If anyone had faith in the Fed’s capacity to rescue the economy, you’d expect the “frenzy” (as Reuters calls it) in equities to reflect that. There would be “demand for smaller, more cyclical businesses, which have more gearing to economic activity”, Morgan Stanley says, adding that it “should reduce the discount for lower-quality companies and credits, as a rising tide lifts more boats”.
Instead, Sheets goes on to note, “relative valuations for global small caps versus large caps are well below average, and low-quality stocks have almost never been cheaper to high-quality ones”. Meanwhile, in credit, he flags an elevated basis between BBB and A and B and BB.
All of that, he reminds you, “suggests the market is deeply suspicious of growth returning to normal”.
The top pane in the figure (below) is indicative of the growing disconnect between big- /mega-cap tech and the broader market, although it’s not a “clean” read, because the tech titans make up ~22% of the S&P’s market cap.
The bottom pane in the figure shows that the Nasdaq “VIX” recently dove to its lowest levels relative to the “regular” VIX ever. (The plunge in February 2018 was attributable to the implosion of the VIX ETP complex, which makes it anomalous — stripping out that episode, the two low points marked “COVID” on the chart have no precedent.)
Reuters quotes Andrew Brenner, head of international fixed income at NatAlliance as follows:
COVID-19 is now inversely related to the markets. The worse that COVID-19 gets, the better the markets do because the Fed will bring in stimulus. That is what has been driving markets.
That is sort of true. But, again, it misses critical nuance.
COVID-19 infection totals are positively correlated to the outperformance of the stocks expected to benefit from a slow-growth world, where consumer habits (and human interactions in general), are forever altered. The figure (below) illustrates this rather poignantly.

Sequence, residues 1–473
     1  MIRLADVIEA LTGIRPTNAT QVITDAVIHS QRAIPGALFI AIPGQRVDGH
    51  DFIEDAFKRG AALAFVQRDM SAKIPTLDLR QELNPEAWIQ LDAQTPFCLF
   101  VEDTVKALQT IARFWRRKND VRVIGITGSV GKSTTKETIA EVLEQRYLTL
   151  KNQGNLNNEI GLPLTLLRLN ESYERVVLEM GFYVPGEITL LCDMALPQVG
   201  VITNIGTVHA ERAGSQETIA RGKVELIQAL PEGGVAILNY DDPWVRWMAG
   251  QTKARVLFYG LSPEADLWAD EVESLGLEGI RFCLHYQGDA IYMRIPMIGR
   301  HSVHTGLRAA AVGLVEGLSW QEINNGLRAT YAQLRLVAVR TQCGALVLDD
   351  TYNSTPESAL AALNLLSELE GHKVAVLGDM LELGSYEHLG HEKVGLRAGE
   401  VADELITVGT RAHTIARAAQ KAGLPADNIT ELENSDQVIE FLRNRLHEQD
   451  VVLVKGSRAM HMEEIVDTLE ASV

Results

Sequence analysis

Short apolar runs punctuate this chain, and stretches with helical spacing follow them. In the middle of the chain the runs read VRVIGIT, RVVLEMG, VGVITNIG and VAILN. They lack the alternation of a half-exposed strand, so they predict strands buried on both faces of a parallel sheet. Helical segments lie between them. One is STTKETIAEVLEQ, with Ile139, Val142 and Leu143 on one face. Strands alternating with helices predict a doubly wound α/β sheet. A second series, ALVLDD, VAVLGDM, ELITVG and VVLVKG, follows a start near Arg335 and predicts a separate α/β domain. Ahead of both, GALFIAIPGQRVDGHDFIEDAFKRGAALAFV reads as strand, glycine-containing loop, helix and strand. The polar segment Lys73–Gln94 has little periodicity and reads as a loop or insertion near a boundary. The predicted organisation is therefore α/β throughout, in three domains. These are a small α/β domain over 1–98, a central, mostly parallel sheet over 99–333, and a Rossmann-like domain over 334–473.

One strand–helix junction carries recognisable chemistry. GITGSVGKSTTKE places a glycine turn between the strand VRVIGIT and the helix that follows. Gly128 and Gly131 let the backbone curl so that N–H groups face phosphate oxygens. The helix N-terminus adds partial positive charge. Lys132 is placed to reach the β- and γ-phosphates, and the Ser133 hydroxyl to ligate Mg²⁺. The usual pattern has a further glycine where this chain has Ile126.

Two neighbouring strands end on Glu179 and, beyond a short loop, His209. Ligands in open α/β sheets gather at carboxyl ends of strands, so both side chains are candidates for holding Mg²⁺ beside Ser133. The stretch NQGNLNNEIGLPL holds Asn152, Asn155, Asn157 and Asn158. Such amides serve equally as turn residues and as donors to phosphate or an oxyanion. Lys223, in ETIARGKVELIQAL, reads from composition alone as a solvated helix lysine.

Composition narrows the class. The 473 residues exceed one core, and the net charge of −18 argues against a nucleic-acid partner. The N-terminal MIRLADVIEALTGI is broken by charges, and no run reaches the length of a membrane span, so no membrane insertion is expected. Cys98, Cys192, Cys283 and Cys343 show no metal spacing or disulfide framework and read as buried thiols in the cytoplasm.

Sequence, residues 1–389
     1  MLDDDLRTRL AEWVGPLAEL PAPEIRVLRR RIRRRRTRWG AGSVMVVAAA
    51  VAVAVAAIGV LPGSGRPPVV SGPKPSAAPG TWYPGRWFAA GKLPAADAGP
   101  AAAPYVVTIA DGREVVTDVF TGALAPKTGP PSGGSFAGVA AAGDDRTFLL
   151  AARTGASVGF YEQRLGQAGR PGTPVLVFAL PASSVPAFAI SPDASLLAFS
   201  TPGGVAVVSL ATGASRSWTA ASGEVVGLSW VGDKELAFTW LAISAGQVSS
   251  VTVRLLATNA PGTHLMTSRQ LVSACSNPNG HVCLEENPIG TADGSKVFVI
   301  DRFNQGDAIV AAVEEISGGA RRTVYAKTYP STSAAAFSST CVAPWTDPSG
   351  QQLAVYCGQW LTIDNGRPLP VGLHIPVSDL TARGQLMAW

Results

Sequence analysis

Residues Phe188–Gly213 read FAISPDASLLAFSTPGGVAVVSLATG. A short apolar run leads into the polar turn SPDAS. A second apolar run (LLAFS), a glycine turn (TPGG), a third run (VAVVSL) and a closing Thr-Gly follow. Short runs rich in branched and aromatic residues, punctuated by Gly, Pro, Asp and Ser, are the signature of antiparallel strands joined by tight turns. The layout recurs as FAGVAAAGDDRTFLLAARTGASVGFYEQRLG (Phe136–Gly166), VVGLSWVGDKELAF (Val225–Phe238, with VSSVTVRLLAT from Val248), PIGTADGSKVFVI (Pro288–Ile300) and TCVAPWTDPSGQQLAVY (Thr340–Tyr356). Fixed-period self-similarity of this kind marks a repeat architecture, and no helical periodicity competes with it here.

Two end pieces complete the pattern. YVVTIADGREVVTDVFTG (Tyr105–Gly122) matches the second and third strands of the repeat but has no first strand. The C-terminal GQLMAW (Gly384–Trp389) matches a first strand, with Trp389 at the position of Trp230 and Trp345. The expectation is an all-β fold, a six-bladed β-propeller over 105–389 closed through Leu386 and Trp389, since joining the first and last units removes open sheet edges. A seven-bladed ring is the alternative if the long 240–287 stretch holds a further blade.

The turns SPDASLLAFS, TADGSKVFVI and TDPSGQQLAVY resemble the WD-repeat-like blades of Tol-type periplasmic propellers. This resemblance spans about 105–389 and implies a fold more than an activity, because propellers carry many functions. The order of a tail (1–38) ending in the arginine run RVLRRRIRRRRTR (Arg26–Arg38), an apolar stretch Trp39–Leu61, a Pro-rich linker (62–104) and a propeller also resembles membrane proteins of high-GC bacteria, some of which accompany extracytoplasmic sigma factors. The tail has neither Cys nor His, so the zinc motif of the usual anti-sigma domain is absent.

This is nothing new. In fact, it’s been a fixture of the post-financial crisis world.
There’s a lot of truth in the quote Reuters uses from Mr. Brenner, but the “bad news is good news” dynamic he’s describing manifests in a particular way that suggests market participants do believe in the power of liquidity (i.e., the printing press) when it comes to juicing financial assets, but not necessarily the real economy.
“Now that Apple, Microsoft, and Amazon all have market capitalizations of $1.6 trillion or more, the three can drive the majority of the index move, as they did last week”, JonesTrading’s Mike O’Rourke wrote Sunday evening.
“While the narrowing leadership appears to be hitting extremes, it has been an ongoing trend for years”, O’Rourke went on to say, noting that “the decade-long environment of exceptionally easy monetary policy, accompanied by the indexing explosion, has been a boon to large-cap growth names”.
And that becomes self-fulfilling. Just as wealth concentration in society tends to undermine democracy, so too does the narrowing of the equity market perpetuate itself, creating an inegalitarian spiral.
None of the above is to pick on Reuters, whose article will invariably get the job done, where that means generating traffic. But you should be aware that using the phrase “stock market bonanza” to describe a situation where anything and everything that would benefit in a strong recovery is trading historically cheap to the “stuff” which will perform in a slow-growth world, is misleading at best.
All of that said, if you’re simply interested in how benchmarks are likely to perform in an environment of abundant top-down liquidity provision, this is a pretty simple calculus.